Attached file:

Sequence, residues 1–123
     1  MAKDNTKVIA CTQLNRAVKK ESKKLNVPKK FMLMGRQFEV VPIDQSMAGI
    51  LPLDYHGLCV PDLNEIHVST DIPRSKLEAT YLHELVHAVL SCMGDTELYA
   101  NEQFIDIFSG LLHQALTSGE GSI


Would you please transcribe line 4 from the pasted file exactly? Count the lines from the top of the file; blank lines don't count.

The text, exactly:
   101  NEQFIDIFSG LLHQALTSGE GSI